The main purposes of this quantitative study were to examine the existence of herding behavior among investors in Amman stock exchange (ASE) at market and sector level in addition to testing the behavior during the market rising and falling and examining whether the behavior existence is different before and after the global financial crisis of 2008. The theoretical base of the study was the behavioral finance which assumes that investors are not completely rational and they may follow others when taking investment decisions. The main enquires of the study were about the existence of herding in the Jordanian market, whether it's affected by conditions of market rising and falling, and whether its affected by the financial crisis. A quantitative design was employed to achieve the purposes of this study which covers the period 2000 - 2018. Data were obtained from ASE website and analyzed using ordinary least squares method. The results indicated that herding is absent in the Jordanian market if tested at market level while it exists in services and industrial sectors if tested at sectors level. The financial crisis did not affect the presence of herding at market level while it did affect the behavior in services and industrial sectors. Moreover, the results revealed that market condition of rising and falling affected herding at market level but not at sectors level. It is also concluded that the global financial crisis changed the presence of herding behavior during conditions of rising and falling in market and in each sector.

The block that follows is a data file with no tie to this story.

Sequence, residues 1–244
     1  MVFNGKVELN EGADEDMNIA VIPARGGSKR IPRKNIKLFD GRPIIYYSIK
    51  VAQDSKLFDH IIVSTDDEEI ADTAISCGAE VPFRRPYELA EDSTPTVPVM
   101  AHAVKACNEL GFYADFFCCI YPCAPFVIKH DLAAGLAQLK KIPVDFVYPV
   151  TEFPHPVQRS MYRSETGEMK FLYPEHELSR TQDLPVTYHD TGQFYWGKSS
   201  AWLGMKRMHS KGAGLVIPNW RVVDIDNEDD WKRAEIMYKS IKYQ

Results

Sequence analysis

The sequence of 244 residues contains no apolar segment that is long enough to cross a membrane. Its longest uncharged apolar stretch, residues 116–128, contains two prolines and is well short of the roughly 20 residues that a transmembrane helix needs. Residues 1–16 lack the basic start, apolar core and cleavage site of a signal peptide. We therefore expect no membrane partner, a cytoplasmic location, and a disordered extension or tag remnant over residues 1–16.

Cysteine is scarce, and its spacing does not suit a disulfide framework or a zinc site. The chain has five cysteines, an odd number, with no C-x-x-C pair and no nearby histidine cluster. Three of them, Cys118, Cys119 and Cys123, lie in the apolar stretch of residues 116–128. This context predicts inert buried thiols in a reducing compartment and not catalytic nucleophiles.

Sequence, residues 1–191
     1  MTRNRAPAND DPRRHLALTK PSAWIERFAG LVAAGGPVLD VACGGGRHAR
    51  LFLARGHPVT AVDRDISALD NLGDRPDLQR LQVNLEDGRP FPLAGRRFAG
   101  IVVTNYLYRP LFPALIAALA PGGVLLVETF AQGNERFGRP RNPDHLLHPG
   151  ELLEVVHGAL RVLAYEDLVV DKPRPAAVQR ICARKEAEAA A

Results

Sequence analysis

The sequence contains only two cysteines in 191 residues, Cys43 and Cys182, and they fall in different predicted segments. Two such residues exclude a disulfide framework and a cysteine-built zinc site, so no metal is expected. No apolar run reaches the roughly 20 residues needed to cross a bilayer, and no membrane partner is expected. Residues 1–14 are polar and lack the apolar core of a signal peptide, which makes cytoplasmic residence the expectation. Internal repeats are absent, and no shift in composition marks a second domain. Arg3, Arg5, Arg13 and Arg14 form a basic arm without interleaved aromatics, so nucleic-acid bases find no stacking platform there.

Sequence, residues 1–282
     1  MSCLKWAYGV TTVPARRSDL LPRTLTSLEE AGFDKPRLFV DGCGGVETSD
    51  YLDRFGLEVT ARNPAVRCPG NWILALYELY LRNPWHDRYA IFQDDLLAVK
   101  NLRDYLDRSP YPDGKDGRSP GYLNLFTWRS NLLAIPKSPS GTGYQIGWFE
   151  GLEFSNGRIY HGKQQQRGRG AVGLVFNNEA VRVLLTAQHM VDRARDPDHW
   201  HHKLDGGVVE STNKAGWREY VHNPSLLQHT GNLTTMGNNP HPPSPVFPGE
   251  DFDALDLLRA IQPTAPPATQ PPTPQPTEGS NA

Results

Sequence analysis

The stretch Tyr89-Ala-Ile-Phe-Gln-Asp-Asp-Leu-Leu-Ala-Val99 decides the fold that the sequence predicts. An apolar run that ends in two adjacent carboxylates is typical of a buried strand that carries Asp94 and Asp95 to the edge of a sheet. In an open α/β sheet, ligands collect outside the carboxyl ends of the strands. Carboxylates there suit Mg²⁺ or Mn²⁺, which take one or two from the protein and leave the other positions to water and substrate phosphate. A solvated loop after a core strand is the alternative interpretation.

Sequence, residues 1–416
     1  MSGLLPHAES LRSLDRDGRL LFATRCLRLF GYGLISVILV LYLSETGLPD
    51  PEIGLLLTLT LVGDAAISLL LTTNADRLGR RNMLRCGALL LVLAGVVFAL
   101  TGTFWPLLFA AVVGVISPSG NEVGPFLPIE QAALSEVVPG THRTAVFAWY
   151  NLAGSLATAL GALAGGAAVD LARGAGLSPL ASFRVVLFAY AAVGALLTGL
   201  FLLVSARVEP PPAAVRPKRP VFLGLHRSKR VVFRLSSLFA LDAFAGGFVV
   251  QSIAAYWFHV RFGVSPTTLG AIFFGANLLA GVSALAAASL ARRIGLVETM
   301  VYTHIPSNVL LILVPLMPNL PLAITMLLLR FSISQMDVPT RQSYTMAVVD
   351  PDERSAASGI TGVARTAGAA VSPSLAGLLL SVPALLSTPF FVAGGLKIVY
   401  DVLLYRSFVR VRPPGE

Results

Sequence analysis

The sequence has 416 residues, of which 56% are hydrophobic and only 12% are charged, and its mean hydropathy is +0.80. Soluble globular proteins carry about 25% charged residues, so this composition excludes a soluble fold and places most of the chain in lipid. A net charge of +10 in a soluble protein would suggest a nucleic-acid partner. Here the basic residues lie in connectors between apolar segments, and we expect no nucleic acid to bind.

Testing new property of elliptical model for stock returns distribution
Petr Koldanov
arXiv

Wide class of elliptically contoured distributions is a popular model of stock returns distribution. However the important question of adequacy of the model is open. There are some results which reject and approve such model. Such results are obtained by testing some properties of elliptical model for each pair of stocks from some markets. New property of equality of $\tau$ Kendall correlation coefficient and probability of sign coincidence for any pair of random variables with elliptically contoured distribution is proved in the paper. Distribution free statistical tests for testing this property for any pair of stocks are constructed. Holm multiple hypotheses testing procedure based on the individual tests is constructed and applied for stock markets data for the concrete year. New procedure of testing the elliptical model for stock returns distribution for all years of observation for some period is proposed. The procedure is applied for the stock markets data of China, USA, Great Britain and Germany for the period from 2003 to 2014. It is shown that for USA, Great Britain and Germany stock markets the hypothesis of elliptical model of stock returns distribution could be accepted but for Chinese stock market is rejected for some cases.